Feb 25 2013
On the Chair Next to You

Each Sunday morning, Kumar sits on a folding chair, waiting for the rock band to start up, and the preacher to give a seeker-sensitve sermon. The chairs are partly filled, in a school gymnasium, just outside Washington, D.C.

He's a small man, from Chennai, India, and here, in the rows for the audience, he's part of someone's Big Vision. Like many others, the church start-up has a visionary, who hopes it becomes the next Big Thing, even hoping to buy 40 acres in suburban D.C. (Anyone got a half-bil for that?)

And Kumar, who's 36, drives each day to his office job at Sun Microsystems, where he spends a lot of time checking urgent email from very far away.

Friday night, I walked with Kumar, and our mutual friend, Woody, to a crowded Whole Foods Market in Alexandria. I made a salad about four times bigger than his, but when we got back to the hotel room, it took him a couple hours to finish. I kept asking questions. He kept answering.

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Kumar was on a crowded bus in Chennai, India. He heard God's voice. "Unmistakeably," he says. I heard God say, twice, 'Seek Me.' That was it. Twice."

Just "Seek Me"?

"Just 'Seek Me'. And I knew it was God, but which God? I was Hindu. Was it Vishnu? Calli...? No idea. I just knew it was God. Somehow, I knew it. Unmistakeable."

And Kumar isn't the gullible type. He has multiple advanced degrees in Aero Engineering and Physics, for starters, from the M.I.T.-equivalent in India.

He studied and researched, but just wasn't satisfied that it was one of his familiar gods, and eventually found a friend with a Bible -- a "good luck charm" -- and traded a textbook for it. He started reading, got confused, but eventually was pointed to Jesus.

He became a Jesus-follower.

Costly decision.

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His parents weren't happy. They scheduled an arranged marriage. Kumar met his wife-to-be on Friday, told her and his parents on Saturday about his Jesus decision, and got married on Sunday. "They thought it would blow over," he says. It didn't.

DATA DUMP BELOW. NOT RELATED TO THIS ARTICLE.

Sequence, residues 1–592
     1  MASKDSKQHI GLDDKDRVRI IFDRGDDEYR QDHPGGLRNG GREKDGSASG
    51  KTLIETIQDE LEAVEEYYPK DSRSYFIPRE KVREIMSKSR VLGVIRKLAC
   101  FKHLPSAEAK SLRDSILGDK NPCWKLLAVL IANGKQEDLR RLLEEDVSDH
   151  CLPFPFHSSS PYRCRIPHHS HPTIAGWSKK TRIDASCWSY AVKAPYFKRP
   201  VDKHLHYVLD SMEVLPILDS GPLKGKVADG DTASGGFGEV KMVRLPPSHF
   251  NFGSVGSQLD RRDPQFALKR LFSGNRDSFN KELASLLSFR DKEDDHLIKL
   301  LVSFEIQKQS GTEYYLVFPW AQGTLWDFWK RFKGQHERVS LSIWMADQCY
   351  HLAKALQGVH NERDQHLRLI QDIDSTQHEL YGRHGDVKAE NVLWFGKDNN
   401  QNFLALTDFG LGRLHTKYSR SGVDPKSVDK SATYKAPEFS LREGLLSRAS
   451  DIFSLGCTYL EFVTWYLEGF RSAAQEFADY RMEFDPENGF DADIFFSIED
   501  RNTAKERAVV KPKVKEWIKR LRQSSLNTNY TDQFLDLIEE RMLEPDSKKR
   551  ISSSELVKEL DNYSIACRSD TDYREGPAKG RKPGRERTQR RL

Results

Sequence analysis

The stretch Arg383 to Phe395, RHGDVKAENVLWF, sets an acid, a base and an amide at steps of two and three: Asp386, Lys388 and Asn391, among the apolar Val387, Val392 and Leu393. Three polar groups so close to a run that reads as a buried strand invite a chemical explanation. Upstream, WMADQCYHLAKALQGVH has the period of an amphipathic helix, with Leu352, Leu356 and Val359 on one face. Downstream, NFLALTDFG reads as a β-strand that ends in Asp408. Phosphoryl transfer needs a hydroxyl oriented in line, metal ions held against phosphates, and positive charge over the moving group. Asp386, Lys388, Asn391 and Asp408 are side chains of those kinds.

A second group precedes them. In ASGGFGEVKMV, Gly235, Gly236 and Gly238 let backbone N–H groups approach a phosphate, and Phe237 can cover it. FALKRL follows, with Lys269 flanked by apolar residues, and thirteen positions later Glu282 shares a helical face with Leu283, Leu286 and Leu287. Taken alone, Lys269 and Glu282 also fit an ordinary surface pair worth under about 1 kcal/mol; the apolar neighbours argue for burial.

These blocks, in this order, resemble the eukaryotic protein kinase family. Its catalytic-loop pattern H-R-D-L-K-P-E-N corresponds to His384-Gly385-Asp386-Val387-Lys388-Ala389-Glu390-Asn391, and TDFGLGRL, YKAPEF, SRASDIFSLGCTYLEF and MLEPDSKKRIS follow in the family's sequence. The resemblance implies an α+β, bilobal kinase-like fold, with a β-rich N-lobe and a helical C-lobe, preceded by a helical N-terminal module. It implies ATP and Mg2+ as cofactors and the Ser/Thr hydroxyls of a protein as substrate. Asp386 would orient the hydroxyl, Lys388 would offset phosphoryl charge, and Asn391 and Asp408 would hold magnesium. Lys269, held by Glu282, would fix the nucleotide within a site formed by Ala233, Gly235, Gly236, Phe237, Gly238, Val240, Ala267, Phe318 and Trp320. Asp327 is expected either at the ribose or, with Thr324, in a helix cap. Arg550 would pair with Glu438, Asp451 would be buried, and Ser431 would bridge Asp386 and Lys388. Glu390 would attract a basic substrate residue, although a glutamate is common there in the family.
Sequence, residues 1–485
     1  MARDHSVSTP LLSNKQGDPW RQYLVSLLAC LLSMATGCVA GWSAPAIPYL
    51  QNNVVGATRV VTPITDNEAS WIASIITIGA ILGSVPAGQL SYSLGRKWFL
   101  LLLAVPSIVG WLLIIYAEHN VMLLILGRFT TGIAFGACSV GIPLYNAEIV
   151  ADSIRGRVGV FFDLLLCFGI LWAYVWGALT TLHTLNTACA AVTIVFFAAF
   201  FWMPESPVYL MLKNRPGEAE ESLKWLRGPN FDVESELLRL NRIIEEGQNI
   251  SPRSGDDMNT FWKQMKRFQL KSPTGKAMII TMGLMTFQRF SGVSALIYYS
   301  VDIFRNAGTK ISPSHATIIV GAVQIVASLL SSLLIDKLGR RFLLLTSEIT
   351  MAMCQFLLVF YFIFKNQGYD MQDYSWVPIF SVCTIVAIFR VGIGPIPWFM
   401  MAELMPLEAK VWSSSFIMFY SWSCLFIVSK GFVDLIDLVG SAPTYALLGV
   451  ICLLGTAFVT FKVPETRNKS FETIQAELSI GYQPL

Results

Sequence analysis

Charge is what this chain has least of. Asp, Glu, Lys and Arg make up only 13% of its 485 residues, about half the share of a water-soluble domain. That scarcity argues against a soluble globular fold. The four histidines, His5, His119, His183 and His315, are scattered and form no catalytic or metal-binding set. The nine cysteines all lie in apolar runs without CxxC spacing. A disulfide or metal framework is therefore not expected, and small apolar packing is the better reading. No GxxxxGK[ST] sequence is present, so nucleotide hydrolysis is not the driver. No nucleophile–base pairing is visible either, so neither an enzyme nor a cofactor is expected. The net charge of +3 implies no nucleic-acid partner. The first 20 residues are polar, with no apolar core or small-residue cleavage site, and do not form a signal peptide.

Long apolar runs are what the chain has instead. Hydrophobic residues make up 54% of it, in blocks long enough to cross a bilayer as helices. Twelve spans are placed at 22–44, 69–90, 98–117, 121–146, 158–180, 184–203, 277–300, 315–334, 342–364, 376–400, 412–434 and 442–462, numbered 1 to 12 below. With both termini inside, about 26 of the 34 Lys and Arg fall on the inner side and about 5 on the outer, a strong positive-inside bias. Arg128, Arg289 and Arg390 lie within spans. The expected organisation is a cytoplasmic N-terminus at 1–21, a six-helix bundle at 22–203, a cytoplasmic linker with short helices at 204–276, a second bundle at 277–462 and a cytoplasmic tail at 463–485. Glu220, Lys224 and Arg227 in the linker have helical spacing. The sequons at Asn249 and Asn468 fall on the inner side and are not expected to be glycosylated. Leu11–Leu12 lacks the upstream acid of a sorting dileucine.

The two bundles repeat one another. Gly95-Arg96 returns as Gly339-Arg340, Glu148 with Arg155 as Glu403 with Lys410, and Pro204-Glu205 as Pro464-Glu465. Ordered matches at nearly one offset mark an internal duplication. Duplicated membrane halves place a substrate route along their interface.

Six months later, there was an intervention. Her family, his family, neighbors, friends -- 150 people strong -- all telling him to repudiate his faith. He refused.

His parents, fearing for their reputation, said he should leave the area immediately. They would tell everyone that he was dead.

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Kumar took a job in the states. He drove to a big church building. "I didn't know what else to do," he says. "Nice cars everywhere. I liked that."

He walked in, and was taken aback. "It was a fancy church, and everyone was a black person, and they were quite animated. They were walking on their chairs around the room. I was confused, but they were happy.

"They had a testimony time, and I like microphones, so I got up and told them, 'I am so happy about Jesus! I do not want a Mercedes or a BMW! I want to go back to India to tell people about Jesus!' Everyone applauded me! I was the center of attention! But I had just lied! I did not want to go back. Actually, I did want to be rich. I did want a Mercedes."

But some brothers took him to a room and prayed with him, that his return to India would happen. "I did not want to go back to India..."

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A few years later, he went back to India. Kumar took his vacation from Sun, and headed over... with no plan. He just went door-to-door, and told people about Jesus.

The first day, 45 people decided to become Jesus-followers. How'd THAT happen?

"I don't know. I just went door to door, and neighbors would introduce me to others, and I was amazed."

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Kumar still takes his vacations, two weeks a year, and heads to India. But things have grown. From those first 45, and from his trips over the past seven years...